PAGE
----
What's Wrong With Science Fiction TV?

Illustration for article titled What's Wrong With Science Fiction TV?

Entertainment Weekly is asking why we don't want science fiction on our televisions, citing at-risk shows like Dollhouse, Terminator and Chuck as proof. But I can't help but wonder if they're asking the wrong question.


The article over at EW's PopCandy blog, wonders why SFTV fails to draw a large audience when SF movies do so well:

What is it about science fiction that home viewers are turned off by? It can't be the genre itself: If you look at the top 10 grossing movies of all time, six of them are sci-fi (and the others have pirates, hobbits, and ogres...and, yes, a boat). Clearly, the American public loves their science fiction...why don't they want it on a regular basis, piped into their living rooms, for free?

The problem, I think, isn't with the cost of SFTV or SF movies, but the scale. Mainstream audiences aren't going to see Transformers or Star Trek because they're SF, they're going to see them for the special effects and giant explosions - and, often, big-name, familiar actors - that they offer. It's almost accidental that they're science fiction at all (And I say "almost" because, I think, science fiction offers the possibility for such explosions and special effects much more readily than other genres). Television science fiction, meanwhile, tends to concentrate on much smaller, more cerebral stories - through necessity of budget, as much as anything else - and those are the types of SF movies that fail at the box office (See Solaris, Sunshine). If there was a TV show that left its brains at home - or, at least, far in the background - and offered up fast-moving, special-effects-laden action on a reliable weekly basis (Like, say, the first season of Heroes, although I may be stretching with "reliable" and "action" there), then I'm convinced it'd be a massive hit... especially if you could find some fading A-list actor to headline it.

But what do you think? Is science fiction television doomed? And if so, why?

The Great Sci-Fi Divide: Why don't we want science fiction on TV? [EW.com]


Gaudy Mouse Muad'Dib

That is crazy. I have been asking myself the same question ever since the horrible and soul-rending premature end of Odyssey 5. I couldn't understand it. Good writing, check. Levity, check. At least one cute guy and a guy with an accent, check. I couldn't get it until I realized it's just too thinkitative. Apparently the viewing public, at least in the US, doesn't want brains with their evening tv, they want boobies and other, non-brains things. The root of science fiction is science, and if you don't care for the latter then the former is going to be a pointless exercise in exposition for you. It's why I don't like sports shows.

Big-budget movies generally throw in a lil' titty with their big explosions and stuff, and I think that since tv shows (unless they're on cable) don't really do that, or even focus on that, or even *mention* it a lot of the time, people lose focus in the thinkity parts. This is just my guess, I don't know for sure. Sci fi has always kind of been on the edge, and I think in a way people see it as "space ships and robots and aliens" and would much rather spend their evening tv hours ruminating on the comical misadventures of a female drug dealer, or a brooding and thoughtful serial killer, or a family in the mafia. True enough a lot of these same people can be found in sci fi but generally when they are, what's around them and what they're doing there involves thinking.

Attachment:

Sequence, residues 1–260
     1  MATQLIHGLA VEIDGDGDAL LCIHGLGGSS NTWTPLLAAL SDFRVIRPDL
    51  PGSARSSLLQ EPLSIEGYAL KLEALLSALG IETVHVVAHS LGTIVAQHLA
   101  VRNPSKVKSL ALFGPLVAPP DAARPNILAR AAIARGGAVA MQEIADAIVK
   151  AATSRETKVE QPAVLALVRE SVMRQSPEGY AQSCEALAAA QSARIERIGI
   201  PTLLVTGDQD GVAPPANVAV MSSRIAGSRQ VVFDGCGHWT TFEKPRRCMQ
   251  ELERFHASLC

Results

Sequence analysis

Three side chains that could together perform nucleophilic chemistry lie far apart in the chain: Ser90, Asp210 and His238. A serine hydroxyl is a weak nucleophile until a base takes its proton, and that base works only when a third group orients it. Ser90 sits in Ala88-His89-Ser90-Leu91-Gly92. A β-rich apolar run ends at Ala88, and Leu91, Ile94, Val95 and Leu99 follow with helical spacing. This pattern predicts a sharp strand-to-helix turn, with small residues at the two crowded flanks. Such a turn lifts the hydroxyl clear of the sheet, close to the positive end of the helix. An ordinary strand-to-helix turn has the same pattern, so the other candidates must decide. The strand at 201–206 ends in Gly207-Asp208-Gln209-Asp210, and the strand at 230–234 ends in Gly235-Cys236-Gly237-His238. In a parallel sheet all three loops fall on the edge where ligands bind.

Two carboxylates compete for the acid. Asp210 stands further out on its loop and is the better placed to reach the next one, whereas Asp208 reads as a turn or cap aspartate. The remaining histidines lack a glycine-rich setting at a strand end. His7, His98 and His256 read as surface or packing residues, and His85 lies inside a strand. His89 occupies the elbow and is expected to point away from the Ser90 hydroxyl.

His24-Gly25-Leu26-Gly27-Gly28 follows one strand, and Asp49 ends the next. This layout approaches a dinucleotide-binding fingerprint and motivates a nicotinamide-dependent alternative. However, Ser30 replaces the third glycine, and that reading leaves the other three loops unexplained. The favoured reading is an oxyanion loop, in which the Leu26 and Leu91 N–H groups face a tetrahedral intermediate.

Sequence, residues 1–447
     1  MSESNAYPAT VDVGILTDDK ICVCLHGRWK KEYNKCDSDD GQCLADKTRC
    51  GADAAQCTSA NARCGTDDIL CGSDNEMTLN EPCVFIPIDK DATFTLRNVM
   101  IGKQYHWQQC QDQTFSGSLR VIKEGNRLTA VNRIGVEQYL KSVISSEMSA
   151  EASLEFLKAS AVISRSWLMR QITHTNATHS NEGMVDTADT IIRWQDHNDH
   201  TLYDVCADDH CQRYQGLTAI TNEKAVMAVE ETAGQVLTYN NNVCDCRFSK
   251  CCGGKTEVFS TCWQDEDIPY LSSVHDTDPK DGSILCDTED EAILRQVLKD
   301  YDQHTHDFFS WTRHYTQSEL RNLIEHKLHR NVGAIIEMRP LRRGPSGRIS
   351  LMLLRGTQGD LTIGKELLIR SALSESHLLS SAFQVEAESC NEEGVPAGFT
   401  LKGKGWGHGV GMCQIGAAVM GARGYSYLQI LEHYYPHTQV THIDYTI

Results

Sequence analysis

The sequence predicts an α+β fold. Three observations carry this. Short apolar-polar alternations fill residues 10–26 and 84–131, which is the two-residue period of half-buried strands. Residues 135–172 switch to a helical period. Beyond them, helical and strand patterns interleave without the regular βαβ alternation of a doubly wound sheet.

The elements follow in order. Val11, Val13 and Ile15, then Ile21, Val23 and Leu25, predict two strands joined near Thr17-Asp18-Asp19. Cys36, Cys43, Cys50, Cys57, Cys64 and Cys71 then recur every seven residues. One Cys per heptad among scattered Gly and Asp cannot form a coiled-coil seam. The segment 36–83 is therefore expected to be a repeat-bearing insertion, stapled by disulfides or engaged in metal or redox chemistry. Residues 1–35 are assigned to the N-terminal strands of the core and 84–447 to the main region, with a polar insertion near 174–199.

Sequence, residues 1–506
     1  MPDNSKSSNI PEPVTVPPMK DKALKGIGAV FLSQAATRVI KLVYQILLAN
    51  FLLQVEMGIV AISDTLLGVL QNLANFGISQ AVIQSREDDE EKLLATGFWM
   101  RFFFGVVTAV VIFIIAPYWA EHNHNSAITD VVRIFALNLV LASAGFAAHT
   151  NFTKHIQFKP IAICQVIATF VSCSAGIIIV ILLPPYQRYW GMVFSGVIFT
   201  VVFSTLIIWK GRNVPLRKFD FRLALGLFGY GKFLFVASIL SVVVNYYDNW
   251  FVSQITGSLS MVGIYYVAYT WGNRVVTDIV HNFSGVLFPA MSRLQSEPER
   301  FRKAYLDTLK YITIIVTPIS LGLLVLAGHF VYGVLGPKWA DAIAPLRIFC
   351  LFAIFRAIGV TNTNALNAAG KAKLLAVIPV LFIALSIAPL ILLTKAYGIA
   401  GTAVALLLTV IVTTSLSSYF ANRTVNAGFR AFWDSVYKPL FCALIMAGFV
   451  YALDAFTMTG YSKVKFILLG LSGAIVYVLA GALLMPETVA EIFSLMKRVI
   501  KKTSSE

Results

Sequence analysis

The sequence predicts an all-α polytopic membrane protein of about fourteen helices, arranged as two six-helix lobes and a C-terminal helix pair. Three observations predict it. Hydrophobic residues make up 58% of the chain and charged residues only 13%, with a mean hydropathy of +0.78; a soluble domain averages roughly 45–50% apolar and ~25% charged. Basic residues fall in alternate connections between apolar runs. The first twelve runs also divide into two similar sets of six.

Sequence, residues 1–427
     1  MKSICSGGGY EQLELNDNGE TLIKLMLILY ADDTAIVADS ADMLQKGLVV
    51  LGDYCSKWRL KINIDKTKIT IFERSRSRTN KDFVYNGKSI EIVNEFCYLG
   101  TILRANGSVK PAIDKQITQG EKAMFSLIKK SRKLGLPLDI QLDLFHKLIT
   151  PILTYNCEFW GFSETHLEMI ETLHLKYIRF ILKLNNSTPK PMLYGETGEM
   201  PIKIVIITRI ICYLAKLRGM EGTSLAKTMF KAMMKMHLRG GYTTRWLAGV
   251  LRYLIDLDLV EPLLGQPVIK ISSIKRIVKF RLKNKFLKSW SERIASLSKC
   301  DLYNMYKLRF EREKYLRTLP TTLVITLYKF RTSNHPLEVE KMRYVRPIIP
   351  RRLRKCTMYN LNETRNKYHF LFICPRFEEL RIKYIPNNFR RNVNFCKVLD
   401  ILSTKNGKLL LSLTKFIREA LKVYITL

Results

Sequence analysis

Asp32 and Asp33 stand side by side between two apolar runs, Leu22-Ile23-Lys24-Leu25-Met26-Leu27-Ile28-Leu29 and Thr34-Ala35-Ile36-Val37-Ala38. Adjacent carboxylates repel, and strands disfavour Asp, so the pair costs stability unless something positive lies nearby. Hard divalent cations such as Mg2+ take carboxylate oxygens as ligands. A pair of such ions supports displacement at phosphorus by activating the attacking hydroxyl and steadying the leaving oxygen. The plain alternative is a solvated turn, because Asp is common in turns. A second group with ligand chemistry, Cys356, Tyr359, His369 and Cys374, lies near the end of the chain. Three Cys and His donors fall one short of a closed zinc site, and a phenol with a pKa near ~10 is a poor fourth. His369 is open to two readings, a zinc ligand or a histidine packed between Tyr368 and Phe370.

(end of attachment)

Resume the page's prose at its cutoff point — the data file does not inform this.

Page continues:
Not that thinking is necessarily hard work but the kind of thought that sends one careening into outer or inner space. "What are we doing to our planet?" "Are we unable to solve our problems and find our place in the universe?" "What am *I* contributing to the benefit or detriment of the human race/planet/whatever?" These are all excellent questions which I suspect the general public no more wants to have scraped up inside them than they want a soft scab on their knee scraped up. Those kinds of questions are for others besides them, for others like us. Where does that kind of question get them at the end of the day? That's so far-ranging that to them it's a "beyond my lifetime and beyond my ken" kind of thing whereas for us it's tantalizing to ruminate upon, whether or not we will be here to see it. So we search for examples, hypotheticals, projections in the form of sci fi. I don't think the general public is made up of drooling idiots. I do think that most people, raised at this time in this society where science is just beginning to be exposed on a large scale to the whole world and where information is only now free-er than it's ever been before, lack the ability or the interest to keep up sustained thought aimed in a direction that addresses both culpability and sacrifice on a regular basis. A movie lasts 2 hours and for some that's plenty enough hours spent thinking about some characters/their predicament.

Perhaps in a generation or two this will change. I see younger people very into science fiction, and I think a lot of that has to do with anime and games, which are wonderful vehicles for conveying stories. But then again who knows? By the time the 13-year-olds of today are 20, 25, 30, we could be looking at a form of entertainment so immersive that it makes television look like cave drawings. Maybe by that point people who don't like sci fi will be in the minority.